In our quest to better understand and identify the features that make Lockcard so special, we decided to run a short experiment marketing the app to a new audience.
Before that, we had mostly advertised the app to non-native English speakers, and to some people who were reading a lot and needed a dictionary handy. One day, we talk to the Fluent team and they tell us that our app could be extremely helpful to students in medicine since they've got to retain lots of new vocabulary every term. And so, Suchen starts to interview a few to confirm that theory.
The conclusion is that medical students have a lot in common with the user persona we had originally designed Lockcard for. For example, they are vocabulary-heavy learners who rely on repetition, they often memorize definitions by heart, they are learning with the intention of retaining information in the long-term (e.g. on the job, 5 years later) and happen to be very familiar with flashcard tools, like Anki or Quizlet.[All of our research around medical students and their learning habits can be found openly on our Notion]
As a result, we thought wise to build a quick TestFlight version of Lockcard offering a medical vocabulary list, along with lists specialized for IELTS and TOEFL. It was meant to be a prototype since each list contained only 10 words, and we were hoping that users would then reach back out asking for more words. However, we were unable to gather testers for this version, and it was thus forgotten. Rip.
[September 2021 update: vocabulary lists are now the next major feature on the agenda, especially since we have large TikTokers ready to partner]
With time, we've been able to learn more about our current users and how they use Lockcard. Back in June, Suchen led a diary study everyday for 2 weeks with 5 of our users.
Among them is Primus, a software engineer in Shenzhen (China) who plans on passing his TOELF test later this year. He uses Lockcard every single day, and “feels excited every time he receives a notification”. He has 80 words ‘In Progress’ and 30 words ‘Completed’ on Lockcard, which is currently a record across our users that we know of.
Since LockCard didn't have any sign-up process, or ways to identify unique user profiles, we were left a bit clueless about how to incorporate the feedback we were receiving across our different communication channels. Our Marketing was also all over the place; as a result of not knowing enough about our power users, we were using sharing different taglines, ads and messages when promoting the app. For example, to my Canadian friends I described LockCard as a better dictionary, but to my friends aborad still learning English as their second language, I'd describe LockCard as a tool for retaining new vocabulary.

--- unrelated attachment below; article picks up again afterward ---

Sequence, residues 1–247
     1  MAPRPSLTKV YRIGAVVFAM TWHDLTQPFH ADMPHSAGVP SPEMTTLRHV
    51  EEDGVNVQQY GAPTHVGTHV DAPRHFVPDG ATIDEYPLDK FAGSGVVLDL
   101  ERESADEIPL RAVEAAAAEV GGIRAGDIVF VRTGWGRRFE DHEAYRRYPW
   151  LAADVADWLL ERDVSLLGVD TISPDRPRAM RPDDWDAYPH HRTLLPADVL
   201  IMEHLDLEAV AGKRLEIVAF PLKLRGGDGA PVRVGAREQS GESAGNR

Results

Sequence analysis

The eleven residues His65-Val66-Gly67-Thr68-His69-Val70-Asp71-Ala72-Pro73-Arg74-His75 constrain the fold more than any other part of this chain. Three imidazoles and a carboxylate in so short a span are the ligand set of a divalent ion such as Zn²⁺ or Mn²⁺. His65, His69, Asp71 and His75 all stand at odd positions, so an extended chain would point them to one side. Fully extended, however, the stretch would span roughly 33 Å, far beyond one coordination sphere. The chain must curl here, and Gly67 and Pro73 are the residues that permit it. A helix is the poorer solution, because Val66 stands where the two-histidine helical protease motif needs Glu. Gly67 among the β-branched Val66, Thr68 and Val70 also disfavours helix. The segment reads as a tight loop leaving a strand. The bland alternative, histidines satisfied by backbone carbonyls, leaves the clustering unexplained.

Therefore, our design strategist Zoey led an internal design workshop meant to ideate and agree on a single 'How Might We' statement that would define our target audience, plan the short-term roadmap and make our online brand more cohesive.
June 2021 - Present
One of the more requested features among our Chinese power users is the ability to receive more than 3 notifications a day. We were currently stuck on 3 because of 1) we didn't think users would want more in the current state of the app, 2) our code was written such that it was difficult to allow for more than 3. However, unlimited notifications was aligned with our refined value proposition, and so we tasked Davis with that; I believe he had to rewrite lots of foundational code to allow it.
We were finally set to put a paywall on LockCard - for unlimited notifications - and measure real user interest. Our advisors at Velocity had indeed suggested all startups to monetize early to assess if one's product could in fact ever generate investor-level revenue in the future. For example, a $1 paywall (assuming embedded smartly) shouldn't deter all your users from using your app. In our case, putting a one-time fee to the unlimited notifications feature made sense.
However, at the last minute, the product team decided to release the feature for free on the basis that our app was not attractive or complete enough to justify a price.
I understand that we are curious about the willingness of our users to pay and are interested in getting some benefits. But in my own point of view, both of them are limited and we can speculate the result from our current data traction actually. Monetization is closely related to growing: Monetization is not the only way to check the value of Lockcard for our users, we can also get some from the number of download users and active users. Also, if the money that we can earn from this itself is still limited, why not be free for a while to give more chances to the potential users to take a look at Lockcard and have a try? I also think we need to prepare well before monetization, making sure that we offer a product with complete functions and a smooth experience. And if we growing fast after fixing bugs and launching new features, that will be a perfect time to monetize!
A dream come true, we were one of the ten apps worldwide to join the Apple Entrepreneurship Camp, which accepts teams led by a woman, and coaches them over the course of 2 weeks on several topics: UX design, new iOS features, PR, commercialization...
Almost all of the content from this program remains confidential, but here are some of the biggest learnings for me:
Overall, the entrepreneur program was immensely helpful. To this day, we keep our Apple program mentors updated on our progress, and will sometimes reach out for help on specific questions. If you're woman-led app team, you should consider applying!